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Does the Aussie yield curve point to trouble ahead?

Does the Aussie yield curve point to trouble ahead?

By AAP 11.02.2012

If you invest in equities, you should keep an eye on the bond market. If you invest in real estate, you should keep an eye on the bond market. If you invest in bonds, you should definitely keep an eye on the bond market. The bond market is a great predictor of future economic activity and future levels of inflation, both of which directly affect the price of everything from stocks, real estate, commodities to household items.

The yield curve can also be a precursor of trouble ahead, such as the inverse yield curve prior to the US market correction in January 2008 (read more below). Interestingly, there's a similarity between the US yield curve back then to the Aussie yield curve today. Does this suggest that a downturn for the Australian economy is in the wings? 

Important components of the yield curve

Interest rates and bond yields are highly correlated, and sometimes the terms are used interchangeably. An interest rate might be thought of as the rate at which money can be borrowed in the form of a loan and, while most bonds have an interest rate that determines their coupon payments, the true cost of borrowing or investing in bonds is determined by their current yields.

A bond's yield is simply the discount rate that can be used to make the present value of all of a bond's cash flows equal to its price. A bond's price is the sum of the present value of each cash flow that will ever be received from the investment.  

When speaking of interest rates (or yields), it is important to understand that there are short-term interest rates, long-term interest rates and any number of points in between. While all interest rates are correlated, they don't always move in step. For example, short-term interest rates might decrease, while long-term interest rates might increase, or vice versa.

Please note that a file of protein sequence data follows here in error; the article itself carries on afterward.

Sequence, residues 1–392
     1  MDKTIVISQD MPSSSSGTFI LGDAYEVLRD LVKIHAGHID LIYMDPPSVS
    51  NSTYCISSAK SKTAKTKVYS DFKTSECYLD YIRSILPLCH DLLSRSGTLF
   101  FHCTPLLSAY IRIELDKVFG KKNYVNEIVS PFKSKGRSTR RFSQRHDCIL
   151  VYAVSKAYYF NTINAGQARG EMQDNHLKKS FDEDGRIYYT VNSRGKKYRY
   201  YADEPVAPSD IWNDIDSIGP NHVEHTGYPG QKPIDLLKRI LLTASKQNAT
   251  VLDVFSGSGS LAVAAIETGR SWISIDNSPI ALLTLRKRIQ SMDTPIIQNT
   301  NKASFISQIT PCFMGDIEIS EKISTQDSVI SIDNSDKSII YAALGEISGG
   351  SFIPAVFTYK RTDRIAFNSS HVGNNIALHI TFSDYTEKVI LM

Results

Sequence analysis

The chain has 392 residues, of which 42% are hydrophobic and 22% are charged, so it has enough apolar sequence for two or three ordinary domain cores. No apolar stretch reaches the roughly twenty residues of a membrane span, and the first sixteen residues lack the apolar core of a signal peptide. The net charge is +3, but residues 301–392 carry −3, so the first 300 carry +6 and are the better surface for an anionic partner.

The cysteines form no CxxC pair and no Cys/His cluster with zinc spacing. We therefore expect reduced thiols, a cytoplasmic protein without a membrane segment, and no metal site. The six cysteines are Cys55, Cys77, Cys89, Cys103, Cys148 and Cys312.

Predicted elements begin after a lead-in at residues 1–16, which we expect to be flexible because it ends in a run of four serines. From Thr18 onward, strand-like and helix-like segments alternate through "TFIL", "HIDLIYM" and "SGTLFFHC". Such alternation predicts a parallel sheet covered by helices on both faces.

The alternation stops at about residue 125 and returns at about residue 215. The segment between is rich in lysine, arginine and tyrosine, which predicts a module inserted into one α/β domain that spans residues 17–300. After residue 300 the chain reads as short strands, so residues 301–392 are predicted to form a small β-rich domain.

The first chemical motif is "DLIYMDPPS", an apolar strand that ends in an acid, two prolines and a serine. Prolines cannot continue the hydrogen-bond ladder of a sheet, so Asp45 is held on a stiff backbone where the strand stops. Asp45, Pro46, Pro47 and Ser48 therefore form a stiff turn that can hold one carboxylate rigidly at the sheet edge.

Short-term interest rates worldwide are administered by the nations' central banks. The RBA's Open Market Committee (FOMC) sets the official cash rate, the benchmark for other short-term interest rates. The FOMC raises and lowers the official cash rate as it sees fit to promote or curtail borrowing activity by businesses and consumers. Borrowing activity has a direct effect on economic activity. If the FOMC finds that economic activity is slowing, it might lower the official cash rate to increase borrowing and stimulate the economy. However, the FOMC must also be concerned with inflation. If the FOMC holds short-term interest rates too low for too long, it risks igniting inflation by injecting too much money into an economy that is chasing after fewer goods.

While short-term interest rates are administered by central banks, long-term interest rates are determined by market forces. Long-term interest rates are largely a function of the effect the bond market believes current short-term interest rates will have on future levels of inflation. If the bond market believes that the FOMC has set the official cash rate too low, expectations of future inflation increase, which causes long-term interest rates to increase in order to compensate for the loss of purchasing power associated with the future cash flows of a bond or the principal and interest payments on a loan. On the other hand, if the market believes that the FOMC has set the official cash rate too high, the opposite happens - long-term interest rates decrease because the market believes future levels of inflation will decrease.   

Reading the Yield Curve